To discover the binding motifs of the transcription factor TF, a number of initial candidate motif sets for TF is subsequently built from the collection STF of extracted segments. Note that the contents of segments, called patterns, in STF may not be distinct.
Most of early motif finding algorithms, such as Gibbs sampler  and MEME , have a weakness, where initial candidate motif sets are built by randomly extracting segments from sequences in the binding dataset BTF (i.e. randomly selecting segments from the set STF). To improve the deficiency, the binomial probability distribution model is firstly utilized in the establishment of a number of initial candidate motif sets in our algorithm.
Then in the process of iterative sampling in our algorithm to expand and/or trim each of the initial candidate motif sets, the method of dependency graphs and their expanded Bayesian networks  is used to develop a statistical model for the background motif set identified as the union S = TFSTF of segments extracted from all transcription factor binding datasets.
The basic procedure to find the binding motifs of the transcription factor TF is as follows:
1. Build N initial candidate motif sets.
(a) Take N distinct patterns from the set STF with the most highest significance scores as the candidates by the binomial distribution model (see the Binomial probability distribution model subsection).
(b) Then for each of the N significant binding site candidates for the transcription factor TF, in view of evolution, collect all segments in STF whose patterns have no more than d Hamming distance matching to the candidate pattern to form an initial candidate motif set.
At this stage, N initial candidate motif sets for the transcription factor TF are built.
2. Iteratively sample through the binding dateset BTF to expand and/or trim each of the N initial candidate motif sets so that their approximate maximum a posteriori (AMAP) scores [1,24] can keep increasing until the N candidate motif sets are invariant in K consecutive iterations (see the Iterative sampling subsection).
(a) In the calculation of AMAP scores in this stage, the background model for the background motif set S = TFSTF is established under the method of dependency graphs and their expanded Bayesian networks (see the Method of dependency graphs and their expanded Bayesian networks subsection).
3. Refine each of the N candidate motif sets by re-examining all the segments already included in the motif set. A segment is removed from the motif set if doing so increases the AMAP score.
A simple flowchart for our algorithm is shown in Figure Figure1.1. The following subsections will expatiate on each stage of our algorithm. As an illustration of the dynamics of the PWM and the rank of different candidate motif sets at different stages of our algorithm, a summary of the prediction process for the motif of the transcription factor CBF1 is given in Figure Figure22.
Our method begins by enumerating those patterns in STF that appear most often in the binding dataset BTF than in others. What we want to do first is to calculate the appearance probability of a pattern in STF, which is the probability that the pattern appears no less than n times in the binding dataset BTF. If a pattern b appears more often than other patterns in STF and its occurrence probability in a generic intergenic region is comparatively low, the calculated significance score of b would be relatively high. We will take patterns with the most highest significance scores as the candidates to build a number of initial candidate motif sets.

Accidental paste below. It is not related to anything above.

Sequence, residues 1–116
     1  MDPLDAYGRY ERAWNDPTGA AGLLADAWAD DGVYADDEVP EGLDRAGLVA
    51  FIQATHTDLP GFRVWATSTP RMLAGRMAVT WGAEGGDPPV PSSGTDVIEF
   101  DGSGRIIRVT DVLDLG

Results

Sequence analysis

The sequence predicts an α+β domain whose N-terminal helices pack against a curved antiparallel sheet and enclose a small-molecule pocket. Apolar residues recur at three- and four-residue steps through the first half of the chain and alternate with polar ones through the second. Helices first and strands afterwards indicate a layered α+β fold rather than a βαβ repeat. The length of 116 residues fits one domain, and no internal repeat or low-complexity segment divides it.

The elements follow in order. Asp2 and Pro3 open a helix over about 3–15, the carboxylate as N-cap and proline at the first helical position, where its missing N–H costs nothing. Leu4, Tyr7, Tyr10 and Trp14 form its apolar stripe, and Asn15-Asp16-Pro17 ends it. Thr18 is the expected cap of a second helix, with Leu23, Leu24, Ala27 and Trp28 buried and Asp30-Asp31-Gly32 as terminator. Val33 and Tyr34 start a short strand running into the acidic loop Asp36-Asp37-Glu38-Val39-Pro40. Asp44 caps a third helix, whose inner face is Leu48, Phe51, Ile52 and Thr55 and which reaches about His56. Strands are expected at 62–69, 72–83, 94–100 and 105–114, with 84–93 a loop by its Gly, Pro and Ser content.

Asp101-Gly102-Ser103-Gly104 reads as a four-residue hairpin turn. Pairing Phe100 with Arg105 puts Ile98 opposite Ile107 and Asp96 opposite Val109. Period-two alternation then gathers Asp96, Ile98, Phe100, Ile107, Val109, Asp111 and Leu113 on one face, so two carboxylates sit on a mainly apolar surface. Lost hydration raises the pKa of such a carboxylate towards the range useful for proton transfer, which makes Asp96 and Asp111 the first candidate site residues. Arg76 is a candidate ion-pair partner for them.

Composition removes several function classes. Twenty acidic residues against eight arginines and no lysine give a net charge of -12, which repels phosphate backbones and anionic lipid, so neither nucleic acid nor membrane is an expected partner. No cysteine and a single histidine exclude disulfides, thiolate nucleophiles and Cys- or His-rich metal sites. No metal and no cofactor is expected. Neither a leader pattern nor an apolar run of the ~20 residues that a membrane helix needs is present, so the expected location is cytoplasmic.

The probability to observe exactly j occurrences of pattern b in the collection STF of segments extracted from the binding dataset BTF is estimated by the binomial distribution
where occ(b) is the occurrence times of pattern b in STF and f (b) is the probability that pattern b occurs in the intergenic region and is estimated as the relative frequency of pattern b in the union S = TFSTF of segments extracted from all transcription factor binding datasets. The probability to observe n or more occurrences of the pattern b in STF is
We define the significance score sigTF (b) of a pattern b to TF as
The less probable pattern b in S appears more than n times in STF, the more probable will it be a binding site candidate for the transcription factor TF. We will take N distinct patterns with the most highest significance scores as the candidates.
For each of the N significant binding site candidates for the transcription factor TF, in view of evolution, collect all segments in STF whose patterns have no more than d Hamming distance matching to the candidate pattern to form an initial candidate motif set. Thus N initial candidate motif sets for the transcription factor TF are built at the end of this stage. As an example, the PWM and the rank of five initial candidate motif sets for the motif prediction of the transcription factor CBF1 are shown in Figure Figure22.
In this stage, a sampling method is used to expand and/or trim each of the N initial candidate motif sets M1, M2,.., MN. For our purpose, a false motif set MN+1 is created by randomly selecting e0 (e0 is equal to the maximum size of the N initial candidate motif sets) segments from the collection STF such that Mi ∩ MN+1 = , for all i = 1, 2,..., N. In addition, let the collection S = TFSTF of segments extracted from all transcription factor binding datasets represent the intergenic background and here be denoted as MBG.